Taking a plea bargain
On behalf of J. Kippa Law, LLC | March 6, 2017
A defendant in a criminal case can face many confusing situations as the case goes on. One of these is the plea bargain. At some point in the case, the prosecutor may put an offer on the table. If the defendant agrees to take the offer, there will be no trial. In exchange, prosecutors typically offer incentives like a reduced sentence or lesser charges. For some types of minor crimes, you may even have the option of avoiding jail time instead of serving probation.
Admitting to wrongdoing
So, what is the catch? For one, many bargains require you to go on the stand and officially admit to committing a crime (usually one that is less serious than the original charges). Someone who is actually innocent may have a hard time with this requirement. When you take a plea, in most cases you also give up your right to appeal your case or challenge any previous parts of your case, such as conduct by prosecutors or law enforcement.
Another thing to know about plea bargains is that, for many purposes, they count the same as convictions. Pleading guilty to some types of crimes can bar you from holding certain jobs. If you are not a United States citizen, a plea can affect your immigration status. In most cases, you will still have a criminal record. Some DUI pleas can affect your driving license; many people are not able to travel to work and school without driving.
Of course, for some defendants, the benefits of taking a plea outweigh the negative points. This can happen if the prosecution’s evidence against you is so strong that you will probably lose at trial. In such a case, it may not be worth it for you to go through this stressful experience just to end up with harsher penalties. Some defendants may also prioritize avoiding the publicity and damage to their reputation that a trial can bring.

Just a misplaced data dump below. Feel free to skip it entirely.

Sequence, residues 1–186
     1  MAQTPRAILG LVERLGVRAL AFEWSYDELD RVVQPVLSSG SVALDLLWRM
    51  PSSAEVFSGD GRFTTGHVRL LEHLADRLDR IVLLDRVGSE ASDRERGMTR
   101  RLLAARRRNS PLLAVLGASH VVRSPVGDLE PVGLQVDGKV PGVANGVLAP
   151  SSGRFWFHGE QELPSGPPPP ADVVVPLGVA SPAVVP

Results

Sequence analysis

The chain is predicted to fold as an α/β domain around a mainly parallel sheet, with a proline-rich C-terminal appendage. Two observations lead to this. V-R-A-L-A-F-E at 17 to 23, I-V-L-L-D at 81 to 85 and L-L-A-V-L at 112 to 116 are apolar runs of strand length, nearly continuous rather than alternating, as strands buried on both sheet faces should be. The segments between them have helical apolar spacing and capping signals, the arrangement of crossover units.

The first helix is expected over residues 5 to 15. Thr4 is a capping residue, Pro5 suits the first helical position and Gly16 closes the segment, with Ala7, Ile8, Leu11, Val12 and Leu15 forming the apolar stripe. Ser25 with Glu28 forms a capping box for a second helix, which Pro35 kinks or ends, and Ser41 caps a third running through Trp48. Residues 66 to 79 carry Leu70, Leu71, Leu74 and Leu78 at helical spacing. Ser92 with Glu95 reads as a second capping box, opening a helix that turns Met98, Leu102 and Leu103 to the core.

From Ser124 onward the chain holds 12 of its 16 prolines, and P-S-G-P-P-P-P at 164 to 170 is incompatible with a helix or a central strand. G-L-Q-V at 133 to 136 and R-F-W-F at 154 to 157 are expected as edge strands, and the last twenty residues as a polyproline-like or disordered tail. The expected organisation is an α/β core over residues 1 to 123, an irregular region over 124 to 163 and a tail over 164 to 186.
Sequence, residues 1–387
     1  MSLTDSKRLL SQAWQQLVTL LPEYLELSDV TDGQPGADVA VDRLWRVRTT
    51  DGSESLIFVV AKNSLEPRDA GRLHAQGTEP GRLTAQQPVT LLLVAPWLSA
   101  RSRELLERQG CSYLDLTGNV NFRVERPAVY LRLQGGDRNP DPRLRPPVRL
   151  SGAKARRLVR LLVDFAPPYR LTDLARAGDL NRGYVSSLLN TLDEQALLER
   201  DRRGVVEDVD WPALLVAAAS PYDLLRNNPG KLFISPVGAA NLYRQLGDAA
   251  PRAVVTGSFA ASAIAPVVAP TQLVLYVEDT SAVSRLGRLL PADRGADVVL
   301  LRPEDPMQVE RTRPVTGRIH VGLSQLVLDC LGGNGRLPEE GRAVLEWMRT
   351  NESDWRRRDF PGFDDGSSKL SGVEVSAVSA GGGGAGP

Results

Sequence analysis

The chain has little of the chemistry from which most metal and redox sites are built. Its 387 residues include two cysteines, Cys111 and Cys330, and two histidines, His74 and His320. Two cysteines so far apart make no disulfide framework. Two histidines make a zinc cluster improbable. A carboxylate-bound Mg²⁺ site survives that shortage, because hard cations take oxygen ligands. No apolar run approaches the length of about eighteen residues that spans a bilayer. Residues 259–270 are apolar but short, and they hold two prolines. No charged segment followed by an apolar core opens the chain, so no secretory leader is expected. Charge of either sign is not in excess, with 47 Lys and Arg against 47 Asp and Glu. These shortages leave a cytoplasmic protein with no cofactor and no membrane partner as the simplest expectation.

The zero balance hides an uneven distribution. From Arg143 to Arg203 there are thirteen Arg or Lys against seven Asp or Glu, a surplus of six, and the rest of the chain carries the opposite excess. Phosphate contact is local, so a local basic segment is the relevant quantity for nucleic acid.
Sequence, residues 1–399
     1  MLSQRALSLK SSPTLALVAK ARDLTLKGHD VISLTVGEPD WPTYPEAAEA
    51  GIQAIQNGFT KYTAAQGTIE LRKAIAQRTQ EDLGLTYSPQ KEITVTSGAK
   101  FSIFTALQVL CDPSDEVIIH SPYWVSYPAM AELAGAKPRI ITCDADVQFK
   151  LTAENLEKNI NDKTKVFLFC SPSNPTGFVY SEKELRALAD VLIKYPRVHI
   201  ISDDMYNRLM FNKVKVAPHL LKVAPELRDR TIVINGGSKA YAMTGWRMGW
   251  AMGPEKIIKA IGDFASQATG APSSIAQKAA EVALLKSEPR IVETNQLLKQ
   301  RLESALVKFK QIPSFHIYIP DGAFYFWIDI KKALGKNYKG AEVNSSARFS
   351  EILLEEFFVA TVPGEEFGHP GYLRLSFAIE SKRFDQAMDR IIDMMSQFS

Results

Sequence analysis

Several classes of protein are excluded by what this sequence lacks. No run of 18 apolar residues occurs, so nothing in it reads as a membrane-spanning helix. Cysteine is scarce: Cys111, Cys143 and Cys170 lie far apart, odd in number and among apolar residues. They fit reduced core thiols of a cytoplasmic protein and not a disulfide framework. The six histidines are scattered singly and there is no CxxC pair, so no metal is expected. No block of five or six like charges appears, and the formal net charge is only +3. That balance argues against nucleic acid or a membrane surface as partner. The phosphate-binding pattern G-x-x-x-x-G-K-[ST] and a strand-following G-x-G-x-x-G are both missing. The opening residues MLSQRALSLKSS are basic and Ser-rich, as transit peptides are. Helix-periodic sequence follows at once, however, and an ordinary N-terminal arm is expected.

Making a decision
Wisconsin law encourages plea bargains, as they can benefit both the court system and the defendant. Deciding whether you should accept a plea bargain is a complicated decision that depends on the specific facts of your case. For this reason, you should never agree to any bargain before discussing it extensively with your attorney. While this is your decision to make, an experienced defense lawyer can evaluate all the factors and make sure you understand all the potential consequences. Your attorney can also negotiate with prosecutors to help you get a better deal. Choosing a qualified defender to stand up for your rights is the best thing you can do to help your case.